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Observing the Mira Variable Star S Leo Using CCD Photometry Lindsey A. Whitesides¹, Florin D. Ciocanu¹, Dr. Richard Dietz² ¹Frontiers of Science Institute.

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Presentation on theme: "Observing the Mira Variable Star S Leo Using CCD Photometry Lindsey A. Whitesides¹, Florin D. Ciocanu¹, Dr. Richard Dietz² ¹Frontiers of Science Institute."— Presentation transcript:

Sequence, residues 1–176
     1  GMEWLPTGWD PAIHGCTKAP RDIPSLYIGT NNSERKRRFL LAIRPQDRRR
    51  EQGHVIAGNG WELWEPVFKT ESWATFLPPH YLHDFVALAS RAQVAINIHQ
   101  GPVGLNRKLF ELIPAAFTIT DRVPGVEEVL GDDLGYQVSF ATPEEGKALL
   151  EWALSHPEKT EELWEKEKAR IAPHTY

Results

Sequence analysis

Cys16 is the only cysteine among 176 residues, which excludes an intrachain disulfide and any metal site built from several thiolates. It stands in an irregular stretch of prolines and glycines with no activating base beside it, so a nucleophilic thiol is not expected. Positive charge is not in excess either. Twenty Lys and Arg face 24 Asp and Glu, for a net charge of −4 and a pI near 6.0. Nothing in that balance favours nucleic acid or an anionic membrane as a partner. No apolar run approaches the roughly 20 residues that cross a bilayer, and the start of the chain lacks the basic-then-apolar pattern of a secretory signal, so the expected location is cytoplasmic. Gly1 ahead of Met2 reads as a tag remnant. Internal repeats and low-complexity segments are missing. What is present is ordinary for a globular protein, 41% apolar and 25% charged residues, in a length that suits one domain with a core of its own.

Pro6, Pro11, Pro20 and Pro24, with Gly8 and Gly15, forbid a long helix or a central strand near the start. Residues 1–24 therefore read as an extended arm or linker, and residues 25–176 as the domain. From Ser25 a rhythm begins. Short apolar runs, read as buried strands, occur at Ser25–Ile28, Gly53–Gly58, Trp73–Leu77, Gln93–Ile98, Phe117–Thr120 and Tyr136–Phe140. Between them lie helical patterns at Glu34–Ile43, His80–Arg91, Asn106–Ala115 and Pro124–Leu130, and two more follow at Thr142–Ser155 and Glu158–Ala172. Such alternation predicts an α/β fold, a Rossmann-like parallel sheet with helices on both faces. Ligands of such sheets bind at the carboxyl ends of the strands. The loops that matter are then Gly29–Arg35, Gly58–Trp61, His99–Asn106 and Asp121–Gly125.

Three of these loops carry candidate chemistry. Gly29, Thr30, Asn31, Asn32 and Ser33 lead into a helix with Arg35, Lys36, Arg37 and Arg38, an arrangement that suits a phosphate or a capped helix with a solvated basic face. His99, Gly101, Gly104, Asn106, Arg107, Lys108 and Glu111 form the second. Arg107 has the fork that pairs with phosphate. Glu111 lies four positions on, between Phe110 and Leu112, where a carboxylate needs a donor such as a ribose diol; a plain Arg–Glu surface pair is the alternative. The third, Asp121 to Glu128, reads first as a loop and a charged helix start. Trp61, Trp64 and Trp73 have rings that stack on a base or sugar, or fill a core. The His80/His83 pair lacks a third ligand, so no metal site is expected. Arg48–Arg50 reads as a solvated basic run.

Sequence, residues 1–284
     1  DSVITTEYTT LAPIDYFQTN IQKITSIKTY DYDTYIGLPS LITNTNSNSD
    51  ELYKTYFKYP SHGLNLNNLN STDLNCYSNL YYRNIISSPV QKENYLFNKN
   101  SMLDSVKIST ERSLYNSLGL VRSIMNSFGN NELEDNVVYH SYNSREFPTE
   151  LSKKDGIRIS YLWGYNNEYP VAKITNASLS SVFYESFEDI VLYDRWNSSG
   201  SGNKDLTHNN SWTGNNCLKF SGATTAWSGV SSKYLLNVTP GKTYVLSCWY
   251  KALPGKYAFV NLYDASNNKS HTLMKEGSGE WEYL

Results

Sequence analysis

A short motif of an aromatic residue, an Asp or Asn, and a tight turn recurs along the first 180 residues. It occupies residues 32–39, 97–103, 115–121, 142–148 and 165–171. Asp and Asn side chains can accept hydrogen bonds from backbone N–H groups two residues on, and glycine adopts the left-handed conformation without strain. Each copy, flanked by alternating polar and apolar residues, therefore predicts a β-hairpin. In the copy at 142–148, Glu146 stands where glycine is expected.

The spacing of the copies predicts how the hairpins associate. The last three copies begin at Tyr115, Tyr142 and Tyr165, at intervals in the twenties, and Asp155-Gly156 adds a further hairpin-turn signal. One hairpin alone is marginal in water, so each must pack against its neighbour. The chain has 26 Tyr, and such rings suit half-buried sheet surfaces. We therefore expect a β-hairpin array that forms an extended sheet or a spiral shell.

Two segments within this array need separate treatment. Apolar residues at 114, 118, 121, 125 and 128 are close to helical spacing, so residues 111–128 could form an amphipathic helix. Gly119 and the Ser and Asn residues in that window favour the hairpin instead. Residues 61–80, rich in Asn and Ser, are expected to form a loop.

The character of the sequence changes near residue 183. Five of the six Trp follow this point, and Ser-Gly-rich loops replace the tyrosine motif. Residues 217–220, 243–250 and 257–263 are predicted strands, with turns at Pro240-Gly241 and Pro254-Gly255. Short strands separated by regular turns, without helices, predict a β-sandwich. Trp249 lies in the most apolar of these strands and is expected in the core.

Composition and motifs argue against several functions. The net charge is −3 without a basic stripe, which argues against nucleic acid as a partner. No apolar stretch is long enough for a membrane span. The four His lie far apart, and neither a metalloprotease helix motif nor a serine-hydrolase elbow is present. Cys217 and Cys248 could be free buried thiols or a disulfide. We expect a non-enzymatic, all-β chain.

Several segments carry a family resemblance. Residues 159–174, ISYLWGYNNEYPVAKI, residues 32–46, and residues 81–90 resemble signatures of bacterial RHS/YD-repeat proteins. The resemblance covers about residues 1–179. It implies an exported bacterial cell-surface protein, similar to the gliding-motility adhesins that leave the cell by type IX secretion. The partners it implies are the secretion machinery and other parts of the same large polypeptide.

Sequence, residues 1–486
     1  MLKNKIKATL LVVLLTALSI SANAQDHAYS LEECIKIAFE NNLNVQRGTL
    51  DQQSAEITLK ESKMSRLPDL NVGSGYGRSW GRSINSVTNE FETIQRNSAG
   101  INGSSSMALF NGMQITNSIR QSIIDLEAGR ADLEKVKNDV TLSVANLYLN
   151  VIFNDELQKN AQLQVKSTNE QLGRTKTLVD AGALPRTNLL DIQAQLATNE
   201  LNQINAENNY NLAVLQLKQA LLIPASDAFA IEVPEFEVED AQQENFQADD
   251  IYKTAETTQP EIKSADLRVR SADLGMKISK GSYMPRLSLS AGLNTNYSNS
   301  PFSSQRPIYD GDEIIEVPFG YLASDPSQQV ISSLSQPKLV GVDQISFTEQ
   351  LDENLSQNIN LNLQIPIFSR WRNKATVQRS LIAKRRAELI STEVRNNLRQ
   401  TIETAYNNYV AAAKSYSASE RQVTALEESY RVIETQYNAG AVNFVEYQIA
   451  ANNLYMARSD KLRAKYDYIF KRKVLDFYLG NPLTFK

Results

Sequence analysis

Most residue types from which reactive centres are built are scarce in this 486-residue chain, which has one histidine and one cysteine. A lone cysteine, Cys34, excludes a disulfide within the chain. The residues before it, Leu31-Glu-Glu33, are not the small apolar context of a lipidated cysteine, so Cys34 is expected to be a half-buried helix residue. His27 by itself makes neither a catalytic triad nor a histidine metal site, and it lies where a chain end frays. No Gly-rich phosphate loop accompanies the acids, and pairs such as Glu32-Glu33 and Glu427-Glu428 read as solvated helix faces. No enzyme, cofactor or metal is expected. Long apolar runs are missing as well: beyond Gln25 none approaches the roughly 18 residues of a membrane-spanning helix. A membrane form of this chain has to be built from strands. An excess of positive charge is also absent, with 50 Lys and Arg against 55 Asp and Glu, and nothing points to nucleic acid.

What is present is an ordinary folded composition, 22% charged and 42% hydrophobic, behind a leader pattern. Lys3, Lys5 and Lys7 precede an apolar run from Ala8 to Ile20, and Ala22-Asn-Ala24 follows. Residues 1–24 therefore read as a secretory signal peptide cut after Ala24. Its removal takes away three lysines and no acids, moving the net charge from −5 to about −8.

1 Observing the Mira Variable Star S Leo Using CCD Photometry Lindsey A. Whitesides¹, Florin D. Ciocanu¹, Dr. Richard Dietz² ¹Frontiers of Science Institute ²Department of Physics, University of Northern Colorado Abstract Many amateur astronomers observe variable stars and submit the information obtained to databases in order to expand the amount of data available to learn more about star mechanics. In this study, the Mira variable star S Leo was observed using CCD telescopes operated by Global Rent a Scope. By analyzing the results in VPhot, accurate data was obtained and a partial light curve was created. The results were submitted to AAVSO for further use by other astronomers. Abstract Many amateur astronomers observe variable stars and submit the information obtained to databases in order to expand the amount of data available to learn more about star mechanics. In this study, the Mira variable star S Leo was observed using CCD telescopes operated by Global Rent a Scope. By analyzing the results in VPhot, accurate data was obtained and a partial light curve was created. The results were submitted to AAVSO for further use by other astronomers. Introduction In this study, the Mira variable star S Leo was observed using CCD telescopes in Nerpio, Spain and Mayhill, New Mexico, USA. A partial light curve was constructed to discover the day at which S Leo was at its faintest. The results were compared with the trend of the observations taken from the American Association of Variable Star Observers (AAVSO). The goal was to achieve data accurate to within 1/100 th of a magnitude and submit the data collected to AAVSO. This project taught us how to remotely control CCD telescopes, use the program VPhot to analyze the data gathered, make accurate measurements of the physical characteristics of variable stars and to contribute the knowledge gained to the scientific community. A variable star changes in magnitude (brightness) over time. S Leo is a Mira variable. Mira variables are red giants that pulsate over long periods between 150 days and several years. They vary in amplitudes from 2.5 to 10 magnitudes. As magnitude is a logarithmic scale, this accounts for a star varying in luminosity by 10 to 10,000 fold. These stars are relatively cool in comparison to other stars at 3500 K. Charge-coupled device (CCD) telescopes were used in this study. CCDs are silicon chips that operate via the photoelectric effect. A photon of light hits the silicon atom and excites the electrons. The pattern of excited electrons is transferred to the computer and stored as an image. CCDs transformed the way astronomers conduct photometry, the technique of measuring ­the intensity of an astronomical object's electromagnetic radiation. From a series of images taken by CCDs, a light curve can be generated, revealing a range of magnitude and a period for the star. Astronomy is a unique science because the amateurs are as important as the astrophysicists. Using the CCD telescopes, backyard astronomers produce highly accurate observations which are submitted to databases such as AAVSO and combined with results from hundreds of other astronomers. Observing variable stars is important because it helps professional astronomers to determine the long term behavior of a star and to correlate and create variable star models for better understanding of the universe. Introduction In this study, the Mira variable star S Leo was observed using CCD telescopes in Nerpio, Spain and Mayhill, New Mexico, USA. A partial light curve was constructed to discover the day at which S Leo was at its faintest. The results were compared with the trend of the observations taken from the American Association of Variable Star Observers (AAVSO). The goal was to achieve data accurate to within 1/100 th of a magnitude and submit the data collected to AAVSO. This project taught us how to remotely control CCD telescopes, use the program VPhot to analyze the data gathered, make accurate measurements of the physical characteristics of variable stars and to contribute the knowledge gained to the scientific community. A variable star changes in magnitude (brightness) over time. S Leo is a Mira variable. Mira variables are red giants that pulsate over long periods between 150 days and several years. They vary in amplitudes from 2.5 to 10 magnitudes. As magnitude is a logarithmic scale, this accounts for a star varying in luminosity by 10 to 10,000 fold. These stars are relatively cool in comparison to other stars at 3500 K. Charge-coupled device (CCD) telescopes were used in this study. CCDs are silicon chips that operate via the photoelectric effect. A photon of light hits the silicon atom and excites the electrons. The pattern of excited electrons is transferred to the computer and stored as an image. CCDs transformed the way astronomers conduct photometry, the technique of measuring ­the intensity of an astronomical object's electromagnetic radiation. From a series of images taken by CCDs, a light curve can be generated, revealing a range of magnitude and a period for the star. Astronomy is a unique science because the amateurs are as important as the astrophysicists. Using the CCD telescopes, backyard astronomers produce highly accurate observations which are submitted to databases such as AAVSO and combined with results from hundreds of other astronomers. Observing variable stars is important because it helps professional astronomers to determine the long term behavior of a star and to correlate and create variable star models for better understanding of the universe. Methods Global Rent A Scope (GRAS) is an organization that operates 14 CCD telescopes in 3 locations: 10 in Mayhill, New Mexico; 4 in Victoria, Australia; and 3 in Nerpio, Spain. In this project, telescopes G1, located in New Mexico and G7, located in Spain, were used. In this study, the images used were taken by UNC students under the supervision of Dr. Dietz but the process was replicated by imaging another star. After selecting either G1 or G7, a plan was generated. In the generating of the plan, the coordinates of S Leo (expressed in right ascension and dseclination), the picture count, type of filter, and exposure time were chosen. S Leo has a R.A. of 11h 10m 50s and a Dec. of +05° 27’ 34”. The picture count was set to 1, a Visual or V-Filter was used, and the exposure time was set to 120 or 180 seconds. The options to plate-solve the image and send it directly to VPhot were selected. Methods Global Rent A Scope (GRAS) is an organization that operates 14 CCD telescopes in 3 locations: 10 in Mayhill, New Mexico; 4 in Victoria, Australia; and 3 in Nerpio, Spain. In this project, telescopes G1, located in New Mexico and G7, located in Spain, were used. In this study, the images used were taken by UNC students under the supervision of Dr. Dietz but the process was replicated by imaging another star. After selecting either G1 or G7, a plan was generated. In the generating of the plan, the coordinates of S Leo (expressed in right ascension and dseclination), the picture count, type of filter, and exposure time were chosen. S Leo has a R.A. of 11h 10m 50s and a Dec. of +05° 27’ 34”. The picture count was set to 1, a Visual or V-Filter was used, and the exposure time was set to 120 or 180 seconds. The options to plate-solve the image and send it directly to VPhot were selected. Results The table displays the information gathered about S Leo from February to April. The magnitude increased and then decreased, which is to say, S Leo became fainter and then brighter again. According to the partial light curve constructed from the data obtained, the minimum magnitude occurred around the first day of April. For every picture, the magnitude of S Leo was found. The approximate error and standard deviation of the given magnitude was also provided. On average throughout the eight images, the error was about This means that the magnitude given could be incorrect by plus or minus the error. The data gathered was plotted onto the light curve of S Leo from AAVSO during the same time frame. From AAVSO, the data was gathered that the period is 190 days and the range of apparent magnitude is When the inverse-square law calculation was computed for the distance of Earth to S Leo, in the correct amount of significant figures, the result was 12,000 light years. Results The table displays the information gathered about S Leo from February to April. The magnitude increased and then decreased, which is to say, S Leo became fainter and then brighter again. According to the partial light curve constructed from the data obtained, the minimum magnitude occurred around the first day of April. For every picture, the magnitude of S Leo was found. The approximate error and standard deviation of the given magnitude was also provided. On average throughout the eight images, the error was about This means that the magnitude given could be incorrect by plus or minus the error. The data gathered was plotted onto the light curve of S Leo from AAVSO during the same time frame. From AAVSO, the data was gathered that the period is 190 days and the range of apparent magnitude is When the inverse-square law calculation was computed for the distance of Earth to S Leo, in the correct amount of significant figures, the result was 12,000 light years. Discussion The results of this study were successful. The average error (0.0074) of the data produced was below the desired 1/100 th of a magnitude. This low of an error makes it accurate enough to be submitted to AAVSO for future reference. We were also successful in generating a partial light curve from the data collected. Our partial light curve was compared with prevalidated data provided by the contributions of other astronomers, creating a precise correlation. Constructing a regression through the observed values enabled us to find a minimum brightness of S Leo and attribute a date to it (around April 1). Although the final data turned out well there were a couple issues with the images. Out of the 14 pictures, only eight were usable. Two images were of poor quality, creating too large of an error in order to be useful. The other four unusable pictures were not plate-solved, meaning comp star data could not be retrieved. If this project were to be improved, more images should be taken. The two months and 23 days time period is not enough to construct a complete light curve. Despite the limitations of our data, the results were significant because the error was low enough to contribute to the scientific community for further research. Discussion The results of this study were successful. The average error (0.0074) of the data produced was below the desired 1/100 th of a magnitude. This low of an error makes it accurate enough to be submitted to AAVSO for future reference. We were also successful in generating a partial light curve from the data collected. Our partial light curve was compared with prevalidated data provided by the contributions of other astronomers, creating a precise correlation. Constructing a regression through the observed values enabled us to find a minimum brightness of S Leo and attribute a date to it (around April 1). Although the final data turned out well there were a couple issues with the images. Out of the 14 pictures, only eight were usable. Two images were of poor quality, creating too large of an error in order to be useful. The other four unusable pictures were not plate-solved, meaning comp star data could not be retrieved. If this project were to be improved, more images should be taken. The two months and 23 days time period is not enough to construct a complete light curve. Despite the limitations of our data, the results were significant because the error was low enough to contribute to the scientific community for further research. References Bucheim, R.K. (2007). The sky is your laboratory: Advanced astronomy projects for amateurs. Chichester, UK: Springer-Praxis Clayton, M.L. & Feast M.W. (August 11, 1969). Absolute magnitudes of Mira variables from statistical parallaxes. Monthly Notices of the Royal Astronomical Society, vol. 146, p doi: 1969MNRAS C O’Connell, Robert (September 8, 2003). Magnitude and color system. Retrieved from Richmond, M. Introduction to CCDs. Retrieved from Robertson, B.S.C. & Feast M.W. (July 16, 1980). The bolometric, infrared and visual absolute magnitudes of Mira variables. Monthly Notices of the Royal Astronomical Society, Monthly Notices, vol. 196, July 1981, p doi: 1981MNRAS R Roger A. Freedman, William J. Kaufmann III (2008). Universe: Stars and Galaxies (3 rd edition). New York, NY: W.H. Freeman and Company Templeton, M. (April 14, 2011). Variable stars and the stories they tell. Retrieved from Templeton, M. (September 13, 2010). Stellar evolution. Retrieved from References Bucheim, R.K. (2007). The sky is your laboratory: Advanced astronomy projects for amateurs. Chichester, UK: Springer-Praxis Clayton, M.L. & Feast M.W. (August 11, 1969). Absolute magnitudes of Mira variables from statistical parallaxes. Monthly Notices of the Royal Astronomical Society, vol. 146, p doi: 1969MNRAS C O’Connell, Robert (September 8, 2003). Magnitude and color system. Retrieved from Richmond, M. Introduction to CCDs. Retrieved from Robertson, B.S.C. & Feast M.W. (July 16, 1980). The bolometric, infrared and visual absolute magnitudes of Mira variables. Monthly Notices of the Royal Astronomical Society, Monthly Notices, vol. 196, July 1981, p doi: 1981MNRAS R Roger A. Freedman, William J. Kaufmann III (2008). Universe: Stars and Galaxies (3 rd edition). New York, NY: W.H. Freeman and Company Templeton, M. (April 14, 2011). Variable stars and the stories they tell. Retrieved from Templeton, M. (September 13, 2010). Stellar evolution. Retrieved from Acknowledgements This project would not have been possible without the generous support of many people. First and foremost, we would like to extend our deepest gratitude to our research sponsor, the Bacon Family Foundation, for funding this project, and our scholar sponsors, Ball Aerospace Technologies & Corporation and Xcel Energy Inc., for funding our participation in the FSI program. Just as important, we would like to thank our research mentor Dr. Dietz for all the time that he spent helping and teaching us, as well as his willingness to try new things. A huge thank you goes to Lori Ball, the program administrator; our advisor, Nick True; our teachers Abby Davidson, Nick True, Nathan Kirkley, and Zabedah Saad; and our resident advisors Karen Allnutt and Klaus Broeker for all the ways that they helped us. Lastly, we would like to thank our families for being supportive and allowing us to have this experience. Acknowledgements This project would not have been possible without the generous support of many people. First and foremost, we would like to extend our deepest gratitude to our research sponsor, the Bacon Family Foundation, for funding this project, and our scholar sponsors, Ball Aerospace Technologies & Corporation and Xcel Energy Inc., for funding our participation in the FSI program. Just as important, we would like to thank our research mentor Dr. Dietz for all the time that he spent helping and teaching us, as well as his willingness to try new things. A huge thank you goes to Lori Ball, the program administrator; our advisor, Nick True; our teachers Abby Davidson, Nick True, Nathan Kirkley, and Zabedah Saad; and our resident advisors Karen Allnutt and Klaus Broeker for all the ways that they helped us. Lastly, we would like to thank our families for being supportive and allowing us to have this experience. DateMagnitudeError Standard Dev. Exposure Time s s s s s s s s Next, a reservation was made on the GRAS website. The reservation was made based on the local time of the telescope. Other factors such as weather forecast and distance from moon (minimum 65-70° away) were considered when making the reservation. After the pictures were taken, they were either manually or automatically transferred to VPhot, a browser-based software that enabled us to accurately measure S Leo’s brightness. Once the picture was ready, the General Catalogue of Variable Stars (GCVS) was used to identify S Leo and then comparison stars were downloaded from AAVSO. Aperture radius and sky annulus must be changed so that the entire radius of the star is enclosed in the aperture radius and the sky annulus includes nothing but the background sky. After a series of operations, the most stable 3 stars were selected. The most “well behaved” comp star is designated to be the check star which acts like a target star with known magnitude for differentiation. Finally, the Photometry Report was viewed and the results were collected. Next, a reservation was made on the GRAS website. The reservation was made based on the local time of the telescope. Other factors such as weather forecast and distance from moon (minimum 65-70° away) were considered when making the reservation. After the pictures were taken, they were either manually or automatically transferred to VPhot, a browser-based software that enabled us to accurately measure S Leo’s brightness. Once the picture was ready, the General Catalogue of Variable Stars (GCVS) was used to identify S Leo and then comparison stars were downloaded from AAVSO. Aperture radius and sky annulus must be changed so that the entire radius of the star is enclosed in the aperture radius and the sky annulus includes nothing but the background sky. After a series of operations, the most stable 3 stars were selected. The most “well behaved” comp star is designated to be the check star which acts like a target star with known magnitude for differentiation. Finally, the Photometry Report was viewed and the results were collected.